Security of food calls for serious thought

By Xin Zhiming, Fu Jing and Zhu Ping (China Daily)
Updated: 2008-01-16 08:19

Zhao Changlu is a happy man. He can till 4 mu (2,800 sq m) of arable land again. The 57-year-old resident of Nanchong city in Sichuan had 4 mu of land to begin with, but lost 2 mu in the hills to the country's forest conservation and soil-erosion prevention program. The extra 2 mu he tills today comes from a neighbor, who has found work in Guangdong.

Farmer Fu Jinlong hangs corns on a wall to dry in Yangcheng, Shanxi in October last year. Corn is one of the three staple grains in China, the other being rice and wheat. [China Daily]

Many of the farmers who still live in the villages, too, are seeking other ways to make extra money. Many of them lease out their land to yezhu, or commercial farmers. Some of them even end up working for yezhu.

Such incidents are becoming common in the countryside as more and more young farmers move to cities in search of better money. This is very true of Sichuan, which an ancient Chinese saying describes as the food bowl of the country. It is such developments that pose a greater challenge for China in its bid to secure food supply and develop the countryside.

"The domestic demand for food is huge given the country's 1.3 billion population. Hence, we should be cautious with grain exports," says State Grain Administration (SGA) researcher Ding Shengjun.

The government has taken many steps to ensure food safety. It has banned the use of corn in new ethanol plants, removed the 13 percent export tax rebate on wheat, corn, soybean and flour products to discourage exports, and scrapped agricultural tax and granted subsidies within the WTO framework to encourage farmers to grow more grains. Also, it has introduced a minimum purchase price regime for some crops to make sure farmers get an acceptable level of return even when prices fall.

"It's the most effective method to encourage farming," says Xiao Haifeng, professor in China Agricultural University. But such measures have not been able to remove the uncertainties associated with grain production and, as analysts say, the situation could deteriorate. The present indeed looks rosy, with last year's grain production set to exceed 500 million tons. Many critics would argue that a fourth consecutive year of increase in grain production leaves little room for concern over food security. But the fact is, there's no guarantee the momentum will continue. In fact, the government is still trying to find ways to keep it up.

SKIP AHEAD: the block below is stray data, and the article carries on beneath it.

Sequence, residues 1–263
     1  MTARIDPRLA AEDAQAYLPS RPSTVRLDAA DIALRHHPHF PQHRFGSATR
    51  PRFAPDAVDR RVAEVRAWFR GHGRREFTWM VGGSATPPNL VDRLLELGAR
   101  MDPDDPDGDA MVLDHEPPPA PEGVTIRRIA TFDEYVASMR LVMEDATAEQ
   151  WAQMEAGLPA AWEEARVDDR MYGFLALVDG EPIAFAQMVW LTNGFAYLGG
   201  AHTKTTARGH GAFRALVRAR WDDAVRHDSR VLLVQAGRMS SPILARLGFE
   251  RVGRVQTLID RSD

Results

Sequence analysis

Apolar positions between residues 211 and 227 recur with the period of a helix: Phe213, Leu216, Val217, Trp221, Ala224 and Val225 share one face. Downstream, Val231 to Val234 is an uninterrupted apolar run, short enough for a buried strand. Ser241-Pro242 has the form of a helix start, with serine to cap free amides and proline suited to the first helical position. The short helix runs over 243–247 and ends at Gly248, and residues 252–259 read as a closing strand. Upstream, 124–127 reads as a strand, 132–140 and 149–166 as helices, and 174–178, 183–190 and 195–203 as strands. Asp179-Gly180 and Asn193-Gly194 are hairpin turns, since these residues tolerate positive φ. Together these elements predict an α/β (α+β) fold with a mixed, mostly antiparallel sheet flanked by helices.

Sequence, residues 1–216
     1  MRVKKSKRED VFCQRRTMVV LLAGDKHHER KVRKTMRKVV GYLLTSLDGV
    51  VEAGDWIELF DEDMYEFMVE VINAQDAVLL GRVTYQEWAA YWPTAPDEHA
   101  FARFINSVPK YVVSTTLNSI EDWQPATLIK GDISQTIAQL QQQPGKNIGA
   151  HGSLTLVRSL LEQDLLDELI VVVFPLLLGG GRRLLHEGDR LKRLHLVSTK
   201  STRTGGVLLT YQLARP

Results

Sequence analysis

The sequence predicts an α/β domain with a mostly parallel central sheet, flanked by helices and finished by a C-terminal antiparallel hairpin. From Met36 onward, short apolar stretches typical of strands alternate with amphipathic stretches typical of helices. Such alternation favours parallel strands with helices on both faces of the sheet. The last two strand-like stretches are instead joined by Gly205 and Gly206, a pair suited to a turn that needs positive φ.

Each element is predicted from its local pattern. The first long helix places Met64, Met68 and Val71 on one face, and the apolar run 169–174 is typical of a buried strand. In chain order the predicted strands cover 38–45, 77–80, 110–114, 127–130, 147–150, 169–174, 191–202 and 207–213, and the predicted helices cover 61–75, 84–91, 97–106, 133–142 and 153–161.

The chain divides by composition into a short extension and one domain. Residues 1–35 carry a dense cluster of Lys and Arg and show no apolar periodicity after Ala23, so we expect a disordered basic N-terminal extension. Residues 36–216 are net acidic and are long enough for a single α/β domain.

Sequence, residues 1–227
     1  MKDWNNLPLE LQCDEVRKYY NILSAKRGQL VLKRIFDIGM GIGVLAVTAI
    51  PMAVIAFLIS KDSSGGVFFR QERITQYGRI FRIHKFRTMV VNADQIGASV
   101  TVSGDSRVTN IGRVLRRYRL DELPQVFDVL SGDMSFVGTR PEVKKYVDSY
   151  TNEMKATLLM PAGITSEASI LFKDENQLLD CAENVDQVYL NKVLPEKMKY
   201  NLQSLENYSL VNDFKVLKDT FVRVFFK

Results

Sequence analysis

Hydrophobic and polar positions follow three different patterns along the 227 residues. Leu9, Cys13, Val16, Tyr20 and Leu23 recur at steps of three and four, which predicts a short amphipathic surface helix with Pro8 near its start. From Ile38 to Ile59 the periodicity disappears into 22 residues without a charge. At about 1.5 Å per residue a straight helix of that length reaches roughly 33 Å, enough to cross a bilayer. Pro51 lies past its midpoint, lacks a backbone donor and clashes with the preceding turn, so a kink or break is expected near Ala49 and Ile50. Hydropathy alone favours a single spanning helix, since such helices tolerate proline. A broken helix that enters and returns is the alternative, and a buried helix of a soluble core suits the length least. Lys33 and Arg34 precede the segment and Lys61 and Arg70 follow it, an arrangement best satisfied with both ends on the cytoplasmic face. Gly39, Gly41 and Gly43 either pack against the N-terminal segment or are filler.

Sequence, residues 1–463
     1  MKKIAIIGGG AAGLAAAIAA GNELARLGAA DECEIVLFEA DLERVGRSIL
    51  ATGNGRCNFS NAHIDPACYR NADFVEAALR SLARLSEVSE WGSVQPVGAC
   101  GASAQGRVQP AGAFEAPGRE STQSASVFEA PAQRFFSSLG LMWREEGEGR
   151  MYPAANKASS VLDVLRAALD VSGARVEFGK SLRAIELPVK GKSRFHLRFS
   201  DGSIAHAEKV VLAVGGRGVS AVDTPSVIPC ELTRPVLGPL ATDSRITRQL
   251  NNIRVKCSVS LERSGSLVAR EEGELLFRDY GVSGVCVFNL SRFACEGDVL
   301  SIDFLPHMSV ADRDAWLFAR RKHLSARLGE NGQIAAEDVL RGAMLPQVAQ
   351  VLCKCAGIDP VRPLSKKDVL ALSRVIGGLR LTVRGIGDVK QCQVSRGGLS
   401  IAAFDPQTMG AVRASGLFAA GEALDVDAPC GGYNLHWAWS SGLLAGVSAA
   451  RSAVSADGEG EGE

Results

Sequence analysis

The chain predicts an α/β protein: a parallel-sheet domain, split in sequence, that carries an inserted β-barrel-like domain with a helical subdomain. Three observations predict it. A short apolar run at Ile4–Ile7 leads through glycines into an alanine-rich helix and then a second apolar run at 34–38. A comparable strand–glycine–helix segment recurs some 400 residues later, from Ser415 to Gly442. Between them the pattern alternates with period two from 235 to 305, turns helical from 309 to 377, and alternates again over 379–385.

It is true that the natural cycle of two years of bumper crops followed by a year or two of drop in output has been broken. Last year, summer crop production rose 1.3 percent year-on-year; early rice output remained stable, while autumn grain production increased slightly, says Li Guoxiang, researcher with the Rural Development Institute, affiliated to the Chinese Academy of Social Sciences (CASS). But the rate of growth has fallen over the past couple of years. As a result, few experts would hazard a guess on this year's grain output.

"It's risky to forecast because there are major variables, such as weather", which played havoc with agriculture last year, says Xiao. The loss of crops because of weather conditions from January to September was 44.8 million tons, up 22 year-on-year, says Gong Xiqiang, deputy head of Xiangfan city's grain administration in Hubei. Which means uncertainty is still a reality.

Just about an eight-hour drive takes one from Nanchong to Tongjiang county in northeast Sichuan where Ju Hua lives. The 61-year-old farmer is a resident of Sichuan basin, which the Ministry of Science and Technology describes as a "cold center". Why? The temperature has been rising across the globe, but scientists have not found any "significant sign" of global warming in the basin, which is about three times the size of the UK and borders the Qinghai-Tibet Plateau.

Ju and other farmers in Sichuan and neighboring Chongqing municipality may have been spared the consequences of global warming, but they and the others who make up more than 110 million people in the area have suffered extreme weather in the past two years: a drought in 2006 and devastating floods last summer.

Nearly half of the town was flooded last year, says Ju. Massive landslides claimed at least 20 farmers' lives in a village a dozen kilometers from Ju's town. Many houses were destroyed or damaged in the floods and landslides. "People have become even poorer, and the government treasury even tighter," says town administrative chief Wang Youzhong.

During the past few years, Ju's family has suffered either because of drought or water shortages. And rice cultivation has been hit because the village's two small reservoirs have become essentially useless.

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